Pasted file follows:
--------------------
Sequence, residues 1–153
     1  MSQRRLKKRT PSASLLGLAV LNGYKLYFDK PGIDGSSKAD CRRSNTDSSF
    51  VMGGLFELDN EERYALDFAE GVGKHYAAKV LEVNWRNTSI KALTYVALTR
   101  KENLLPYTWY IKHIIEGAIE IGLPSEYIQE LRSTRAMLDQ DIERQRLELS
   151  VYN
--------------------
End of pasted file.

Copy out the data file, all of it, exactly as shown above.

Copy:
Sequence, residues 1–153
     1  MSQRRLKKRT PSASLLGLAV LNGYKLYFDK PGIDGSSKAD CRRSNTDSSF
    51  VMGGLFELDN EERYALDFAE GVGKHYAAKV LEVNWRNTSI KALTYVALTR
   101  KENLLPYTWY IKHIIEGAIE IGLPSEYIQE LRSTRAMLDQ DIERQRLELS
   151  VYN